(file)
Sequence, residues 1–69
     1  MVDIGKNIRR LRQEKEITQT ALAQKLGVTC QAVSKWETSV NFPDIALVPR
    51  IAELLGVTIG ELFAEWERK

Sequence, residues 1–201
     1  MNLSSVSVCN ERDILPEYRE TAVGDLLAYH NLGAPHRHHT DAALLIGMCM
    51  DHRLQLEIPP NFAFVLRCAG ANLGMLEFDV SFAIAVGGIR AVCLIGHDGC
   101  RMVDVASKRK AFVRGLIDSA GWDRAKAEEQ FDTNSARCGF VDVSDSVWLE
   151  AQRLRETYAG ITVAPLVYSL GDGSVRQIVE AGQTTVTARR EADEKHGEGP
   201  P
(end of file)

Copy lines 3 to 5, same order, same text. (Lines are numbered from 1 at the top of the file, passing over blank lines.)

    51  IAELLGVTIG ELFAEWERK

Sequence, residues 1–201
     1  MNLSSVSVCN ERDILPEYRE TAVGDLLAYH NLGAPHRHHT DAALLIGMCM